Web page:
The Opioid Crisis: Don’t Punish The Patients

By Susan Kuebler

Far too often, when facing a crisis, there is a tendency to throw the baby out with the bathwater.  For many people, especially those who suffer from chronic pain, that appears to be the answer to the current crisis where people who have become dependent on opioids have gone on to heroin use when their prescription medication is no longer available.

Yes, there has been abuse of the class of drugs known as opioids, most commonly Vidodin (hydrocodone) and Percocet (oxycodone).  They are synthetic versions of opiates such as heroin and morphine and were originally considered to be less addictive.

However, people who have been prescribed these drugs for pain have used and misused them, becoming hopelessly addicted.  When their supply is suddenly cut off, they then resort to heroin as a cheap and easily obtained alternative.  This, in turn, has lead to an alarming number of overdose deaths due to heroin.

For some the answer is simple.  Don’t use opioids.  That was the President’s response yesterday when he declared the opioid epidemic a “public health emergency.”  In words reminiscent of Nancy Reagan’s “Just Say No” campaign on drugs, he said “If we can teach young people, and people generally, not to start, it’s really, really easy not to take ’em.”  He even compared it to his own brother’s fight against alcoholism.

Once again, President Dim Wit shows his complete misunderstanding of what has become a national crisis.  The people who become addicted to opioids don’t start by purchasing them from shady dealers on street corners.  They are prescribed them by their doctors.  He also promised to remove a “really bad” drug from the market, not knowing that this drug had been withdrawn from the market back in June.

But here is a different take on the crisis.  The problem is not the patients.  The problem is not the pharmaceutical companies.  The problem is the doctors and the FDA.  Let’s look at what happens if you go to a responsible pain management specialist for treatment.  You are required to sign a document that comes just short of promising to turn over your first-born child if you violate their terms.

  • If you obtain pain medication from another doctor, you will be terminated as a patient.
  • If you do not fill ALL your prescriptions at the same pharmacy, you will be terminated as a patient.
  • If you use any illicit drugs, you will be terminated as a patient. And patients are routinely screened.

If these rules were followed by all medical professionals, the opioid crisis might be limited.

Patients who become addicted to opioids do so because they are able to obtain pain medication from more than one doctor.  And any qualified medical doctor may prescribe any medication for any reason whatsoever.  They are not limited to the “approved indications” by the FDA for what they can prescribe.  If one is limited to obtaining pain medication ONLY from a qualified pain management specialist, the number of patients abusing the drugs would decrease.  Patients who receive pain medication from their dentist would have 24 hours to notify their pain management specialist of their prescription.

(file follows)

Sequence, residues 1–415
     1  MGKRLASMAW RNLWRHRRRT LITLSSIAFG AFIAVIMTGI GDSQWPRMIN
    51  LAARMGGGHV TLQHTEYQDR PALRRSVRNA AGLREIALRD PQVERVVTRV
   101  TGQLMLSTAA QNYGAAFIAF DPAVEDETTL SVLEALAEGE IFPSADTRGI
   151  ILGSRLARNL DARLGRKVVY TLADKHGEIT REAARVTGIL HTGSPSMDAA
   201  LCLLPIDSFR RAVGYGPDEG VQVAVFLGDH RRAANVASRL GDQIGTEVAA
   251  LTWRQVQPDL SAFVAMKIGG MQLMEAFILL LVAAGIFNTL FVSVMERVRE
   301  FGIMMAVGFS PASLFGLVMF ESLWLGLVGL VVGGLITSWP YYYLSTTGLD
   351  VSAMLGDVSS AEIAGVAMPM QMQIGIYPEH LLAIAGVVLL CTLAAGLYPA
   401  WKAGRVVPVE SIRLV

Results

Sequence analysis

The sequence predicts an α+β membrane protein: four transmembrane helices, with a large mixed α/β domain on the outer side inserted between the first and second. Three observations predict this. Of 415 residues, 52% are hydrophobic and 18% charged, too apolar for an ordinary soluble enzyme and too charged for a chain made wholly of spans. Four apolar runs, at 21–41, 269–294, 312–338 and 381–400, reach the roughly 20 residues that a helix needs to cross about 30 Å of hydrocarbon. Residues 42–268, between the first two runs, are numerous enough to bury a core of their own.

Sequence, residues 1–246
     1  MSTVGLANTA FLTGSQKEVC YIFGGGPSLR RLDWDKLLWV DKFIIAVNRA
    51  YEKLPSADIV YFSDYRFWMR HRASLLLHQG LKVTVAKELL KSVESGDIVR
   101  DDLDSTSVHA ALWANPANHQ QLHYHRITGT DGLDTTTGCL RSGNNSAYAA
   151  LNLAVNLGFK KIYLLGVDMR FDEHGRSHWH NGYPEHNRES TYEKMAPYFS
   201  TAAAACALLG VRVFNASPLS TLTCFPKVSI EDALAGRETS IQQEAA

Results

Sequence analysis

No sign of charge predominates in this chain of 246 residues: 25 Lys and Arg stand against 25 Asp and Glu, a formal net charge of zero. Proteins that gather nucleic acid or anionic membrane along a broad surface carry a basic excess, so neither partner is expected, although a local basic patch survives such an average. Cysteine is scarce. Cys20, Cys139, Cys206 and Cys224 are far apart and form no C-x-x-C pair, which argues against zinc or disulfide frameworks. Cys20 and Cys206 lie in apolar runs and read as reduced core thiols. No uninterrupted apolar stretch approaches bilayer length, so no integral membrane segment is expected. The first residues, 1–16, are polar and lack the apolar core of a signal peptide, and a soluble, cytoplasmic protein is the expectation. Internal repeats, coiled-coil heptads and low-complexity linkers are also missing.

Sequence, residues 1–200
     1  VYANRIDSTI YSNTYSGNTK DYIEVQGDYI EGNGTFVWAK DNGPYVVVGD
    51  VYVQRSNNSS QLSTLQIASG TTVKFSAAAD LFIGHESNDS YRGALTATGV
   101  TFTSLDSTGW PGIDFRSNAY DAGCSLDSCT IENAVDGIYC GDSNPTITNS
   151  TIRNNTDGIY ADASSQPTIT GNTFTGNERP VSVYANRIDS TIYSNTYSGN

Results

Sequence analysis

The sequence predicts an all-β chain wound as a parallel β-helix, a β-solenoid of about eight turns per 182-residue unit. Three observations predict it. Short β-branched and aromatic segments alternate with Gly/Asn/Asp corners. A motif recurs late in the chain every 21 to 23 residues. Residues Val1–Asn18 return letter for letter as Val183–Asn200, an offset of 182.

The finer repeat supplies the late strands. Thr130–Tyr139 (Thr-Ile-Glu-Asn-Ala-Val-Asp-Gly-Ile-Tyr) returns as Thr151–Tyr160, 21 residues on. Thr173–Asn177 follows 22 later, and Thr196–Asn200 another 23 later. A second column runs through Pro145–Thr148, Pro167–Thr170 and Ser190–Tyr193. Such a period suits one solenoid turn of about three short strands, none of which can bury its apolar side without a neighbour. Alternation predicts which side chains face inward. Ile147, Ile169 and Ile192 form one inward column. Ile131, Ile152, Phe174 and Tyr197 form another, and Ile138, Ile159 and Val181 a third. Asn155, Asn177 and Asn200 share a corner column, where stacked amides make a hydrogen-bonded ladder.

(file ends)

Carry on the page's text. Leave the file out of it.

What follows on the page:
Only certain pharmacies would be allowed to fill prescriptions for pain medication and they would have a link to all other pharmacies in the United States with similar privileges.  Any attempts to fill multiple prescriptions for pain medication would be quickly identified and stopped.

Routine testing for illicit drugs is not unusual for many medical professionals, including psychiatrists.  But there is new information that should be shared and the medical community needs to support this.  The use of marijuana has been shown to significantly reduce pain in many patients, eliminating the need for opioid medications.  Despite the 1950 mindset of our current Attorney General, marijuana is not a gateway drug for harder drugs.  Or not any more than the legal use of alcohol.

These are all preventive measures and the crisis for the thousands of people now addicted to heroin needs to be addressed.  Once again, Trump fall short of the mark.  By declaring this a “public health emergency” instead of a “national health emergency” Trump shortchanges the American people.  This declaration makes no additional federal funds available to fight the problem and will end after 90 days.

The answer to the crisis is not to prohibit the prescription of opioid pain medication or to limit them to a short period of time.  The only people who will suffer from this, and they will truly suffer, are legitimate chronic pain patients.  In fact, this will only exacerbate the crisis as these people will be forced to seek alternative, and probably illegal, sources of pain relief.  Or, in the direst situations, seek a permanent end to their pain.

This is a complex situation that requires a multi-pronged solution.  But please, don’t throw the baby out with the bathwater in a quick-fix answer.

“All shall be well and all shall be well and all manner of things shall be well”. Julian of Norwich.

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